Friday, February 16, 2007

from East Jerusalem to Durham

Sahar is from East Jerusalem. I am from Gaza. Our cities are about an hour away (without interruption). But now, ironically, due to Israeli closure policies banning Palestinians on either side of the divide from travelling to each other's locales, the only place we could meet was Durham, North Carolina, not Gaza; not East Jerusalem; not even Ramallah.

Sahar is a field officer with the Red Cross, here for a few months on a program at Duke. We had lunch the other day with a mutual Israeli friend and rotary fellow at UNC.

Sahar carries an East Jerusalem ID card. I carry a Gaza ID card. this means I am not allowed to cross Erez to visit Sahar in Jerusalem or the West Bank, and she cannot cross over to visit me in Gaza.

The Jerusalem ID is particularly precarious because the Israeli government makes it extremly difficult for Palestinians residents of East Jerusalem to maintain their residency there and thus their status through a series of draconian laws that are not applicable to the city's Jewish residents.

It is part of a decades old policy of maintaining the Jewish majority in Jerusalem by a ratio of 73.5% to 26.5% to reduce the Palestinian presence in the city. These measures included the controlling and revoking identity card holders inside the city for not paying things like "TV taxes" on time or being present at the residency address on a consistent basis (made more difficult by the wall and other restrictions faced by residents).

Students who continued to study long years abroad have also had their ID cards revoked. Palestinians who married and stayed abroad lost their right to be residents of the city. One Palestinian from Jerusalem I met last year is married to a Ramallah resident (who are also now not allowed into the city) and because she has lost her Jerusalem residency has to sneak in and out of the city to visit her parents.

One woman in an article I wrote a couple of years back explained it well:

“Our occupation is of a different kind than in the West Bank or Gaza,” said Huda al-Imam, director of the Centre for Jerusalem Studies at al-Quds University.

"It has a clear strategy of annexing the land of East Jerusalem while not annexing the people, but transferring them,” she added.

"I have a difficult time explaining my legal status to people, even Israelis- I am not a citizen of Israel and at the same time I do not carry a Palestinian Authority passport (all signs of Palestinian nationhood are banned in Jersualem, including flags). I carry an Israeli 'travel document' but this does not entitle us t any of the rights or services that citizens get."

The idea is, Israel wants East Jerusalem, but does not want its people. Bad for both its economy, and for its demography.

That is one of the reasons they made sure their viscious Wall last year cut through neigbhorhoods of East Jerusalem, cutting off nearly 150, 000 Jerusalemites from their schools, hospitals, and work in Jerusalem. Eventually the journey across the checkpoints and through the Wall may become too arduous, it is hoped, and they will move out of Jerusalem altogether into the West Bank.

"Its like a force of habit-people reach for cigarettes, I reach for my hawia (ID card), even here in the US," joked Sahar.

Jerusalem is the main exit for the north-south link in Palestine, from Bethlehem to Ram Allah, and from northern West Bank to southern West Bank.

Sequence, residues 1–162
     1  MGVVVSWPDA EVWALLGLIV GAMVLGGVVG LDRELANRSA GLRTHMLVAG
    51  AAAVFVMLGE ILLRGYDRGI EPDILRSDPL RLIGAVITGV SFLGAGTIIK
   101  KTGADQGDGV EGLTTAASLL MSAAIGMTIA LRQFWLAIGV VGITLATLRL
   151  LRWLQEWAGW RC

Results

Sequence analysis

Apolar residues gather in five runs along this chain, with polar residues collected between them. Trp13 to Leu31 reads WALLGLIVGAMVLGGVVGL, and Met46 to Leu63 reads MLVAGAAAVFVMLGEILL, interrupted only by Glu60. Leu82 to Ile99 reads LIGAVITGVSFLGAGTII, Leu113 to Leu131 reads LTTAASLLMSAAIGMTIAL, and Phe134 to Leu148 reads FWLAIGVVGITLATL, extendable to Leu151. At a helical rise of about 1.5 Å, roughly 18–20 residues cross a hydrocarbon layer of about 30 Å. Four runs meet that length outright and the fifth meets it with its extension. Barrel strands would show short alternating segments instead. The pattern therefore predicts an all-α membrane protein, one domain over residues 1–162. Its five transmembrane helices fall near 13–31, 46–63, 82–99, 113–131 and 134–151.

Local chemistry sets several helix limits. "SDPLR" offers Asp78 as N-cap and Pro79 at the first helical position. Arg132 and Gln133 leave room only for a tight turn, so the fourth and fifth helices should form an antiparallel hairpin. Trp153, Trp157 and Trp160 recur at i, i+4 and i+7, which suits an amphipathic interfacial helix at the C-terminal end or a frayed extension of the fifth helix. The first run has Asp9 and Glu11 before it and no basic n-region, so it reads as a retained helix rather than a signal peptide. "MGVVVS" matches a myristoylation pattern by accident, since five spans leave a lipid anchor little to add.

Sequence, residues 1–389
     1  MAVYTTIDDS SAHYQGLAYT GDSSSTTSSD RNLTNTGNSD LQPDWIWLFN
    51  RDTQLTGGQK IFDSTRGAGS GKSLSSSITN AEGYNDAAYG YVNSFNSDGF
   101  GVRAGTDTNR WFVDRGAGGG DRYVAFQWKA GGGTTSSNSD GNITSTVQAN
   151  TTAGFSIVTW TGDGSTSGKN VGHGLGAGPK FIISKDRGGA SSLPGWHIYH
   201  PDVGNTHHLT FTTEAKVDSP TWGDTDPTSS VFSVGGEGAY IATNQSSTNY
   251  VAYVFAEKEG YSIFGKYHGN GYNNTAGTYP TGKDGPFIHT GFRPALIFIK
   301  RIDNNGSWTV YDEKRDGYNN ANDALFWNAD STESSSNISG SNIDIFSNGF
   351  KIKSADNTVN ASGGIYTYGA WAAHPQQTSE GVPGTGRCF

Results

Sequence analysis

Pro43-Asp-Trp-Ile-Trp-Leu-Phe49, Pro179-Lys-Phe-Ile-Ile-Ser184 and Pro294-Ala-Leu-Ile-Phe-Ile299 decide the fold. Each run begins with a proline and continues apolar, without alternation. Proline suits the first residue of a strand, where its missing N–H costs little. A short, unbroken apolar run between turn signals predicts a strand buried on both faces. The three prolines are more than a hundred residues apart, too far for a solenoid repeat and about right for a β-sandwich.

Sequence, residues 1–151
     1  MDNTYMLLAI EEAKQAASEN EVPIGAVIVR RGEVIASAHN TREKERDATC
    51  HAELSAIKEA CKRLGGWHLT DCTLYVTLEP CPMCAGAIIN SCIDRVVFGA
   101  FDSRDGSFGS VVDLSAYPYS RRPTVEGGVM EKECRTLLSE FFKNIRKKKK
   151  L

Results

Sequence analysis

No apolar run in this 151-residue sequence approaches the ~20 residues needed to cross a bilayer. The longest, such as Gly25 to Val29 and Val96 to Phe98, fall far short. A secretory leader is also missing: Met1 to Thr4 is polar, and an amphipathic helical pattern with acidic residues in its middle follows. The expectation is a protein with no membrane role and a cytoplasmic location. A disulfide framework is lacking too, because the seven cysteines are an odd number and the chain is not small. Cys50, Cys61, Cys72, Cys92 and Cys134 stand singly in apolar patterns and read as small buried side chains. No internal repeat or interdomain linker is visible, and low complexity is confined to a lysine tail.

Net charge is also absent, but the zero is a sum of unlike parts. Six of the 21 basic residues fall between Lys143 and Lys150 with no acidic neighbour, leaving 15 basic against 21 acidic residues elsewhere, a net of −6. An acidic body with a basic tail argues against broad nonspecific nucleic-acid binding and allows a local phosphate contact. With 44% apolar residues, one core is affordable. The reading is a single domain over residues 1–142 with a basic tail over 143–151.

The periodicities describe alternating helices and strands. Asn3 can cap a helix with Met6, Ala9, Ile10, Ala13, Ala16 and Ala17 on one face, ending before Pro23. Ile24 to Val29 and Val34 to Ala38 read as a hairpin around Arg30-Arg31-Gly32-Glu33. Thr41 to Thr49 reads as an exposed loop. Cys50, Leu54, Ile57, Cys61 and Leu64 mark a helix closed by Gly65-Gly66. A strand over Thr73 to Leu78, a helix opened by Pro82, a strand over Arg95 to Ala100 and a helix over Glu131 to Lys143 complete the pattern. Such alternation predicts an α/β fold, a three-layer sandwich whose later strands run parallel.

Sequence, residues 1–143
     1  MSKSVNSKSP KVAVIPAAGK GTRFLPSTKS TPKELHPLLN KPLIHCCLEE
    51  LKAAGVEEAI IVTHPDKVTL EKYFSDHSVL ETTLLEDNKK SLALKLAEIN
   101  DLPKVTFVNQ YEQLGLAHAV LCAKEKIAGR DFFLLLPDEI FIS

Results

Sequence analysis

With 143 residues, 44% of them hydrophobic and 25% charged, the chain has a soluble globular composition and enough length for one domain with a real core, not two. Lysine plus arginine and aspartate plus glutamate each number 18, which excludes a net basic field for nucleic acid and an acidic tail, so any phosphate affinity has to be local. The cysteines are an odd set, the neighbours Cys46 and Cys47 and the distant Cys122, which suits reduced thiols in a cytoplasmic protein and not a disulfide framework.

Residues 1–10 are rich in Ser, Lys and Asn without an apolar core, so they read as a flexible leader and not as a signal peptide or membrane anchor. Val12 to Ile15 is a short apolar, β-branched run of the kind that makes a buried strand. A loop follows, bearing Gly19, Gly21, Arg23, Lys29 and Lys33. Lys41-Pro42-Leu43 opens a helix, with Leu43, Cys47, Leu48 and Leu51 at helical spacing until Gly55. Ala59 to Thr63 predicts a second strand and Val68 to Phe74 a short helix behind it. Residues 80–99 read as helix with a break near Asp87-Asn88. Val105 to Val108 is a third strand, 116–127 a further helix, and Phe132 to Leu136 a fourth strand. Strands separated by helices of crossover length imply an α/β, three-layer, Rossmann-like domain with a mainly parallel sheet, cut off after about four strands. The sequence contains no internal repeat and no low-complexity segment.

"It's very strange that Israel is so much more preoccupied with creating more settlements than providing any service for legal residents and it's equally amazing Israel wants to overcrowd a very important world heritage that is under threat and has been defined as such by Unesco," remarked former Palestinian minister of Jerusalem Affairs, in an interview with me last year, in reference to the Israeli Muncipality's approval of new Jewish housing units in the Muslim Quarter of the City near the Dome of the Rock at the time.

Khoury went on to describe what it means to have a Jerusalem ID:

"As Jerusalemites, in 1967 when we were occupied by Israel, we were given identity cards to indicate that we are residents of the city. But we are not citizens of Israel - simply residents.
As residents, we are given permanent residency if we stay in the city, and if our centre of life is in the city. But if we live outside of city for seven years, then we have no right to come back.
In practice, it works differently. Students - including my son - who were away for two continuous years, came back to find their driver's licence and insurance cancelled.
Palestinians are treated as residents if they stay in Jerusalem, but many Jerusalemites found themselves in diaspora and couldn't come back, nor their children. These Palestinians have no right to come to Jerusalem."

[More of her interview here].


Anonymous Anonymous said...


If the stark image of a fence and barbed wire was/is the "symbol" of the Nazi's plan to ghetto-ize and exterminate the Jews (and all other "undesirables") in Europe, how ironic is it that the "seaparation wall" is coming to symbolize ghetto-ize the Palestinians?

Further, while not "exterminating" the Palestinians in the sense of killing them, it certainly is a forcible "cleansing" of Jerusalem.

How quickly the heirs to the survivors of such inhumanity have rationalized the use of the same sorts of tactics.


3:23 PM  
Anonymous Anonymous said...

I have two things to say to you:

a. arafat should have accepted the offer given to him in camp david 7 years ago. had he accepted it - you would have an independent state with east jerusalem as its capital.

b. as long as the majority of your people support terrorism as means of acheiving your national aspirations - don't dare to talk to me about injustice.

ilan - a jewish israeli - voter for labour

2:45 AM  
Anonymous G. said...

Actually ALL Arabs blue card residents in East Jerusalem and Golan are entitled to full Israeli citizenship and many have applied and have become Israeli citizens.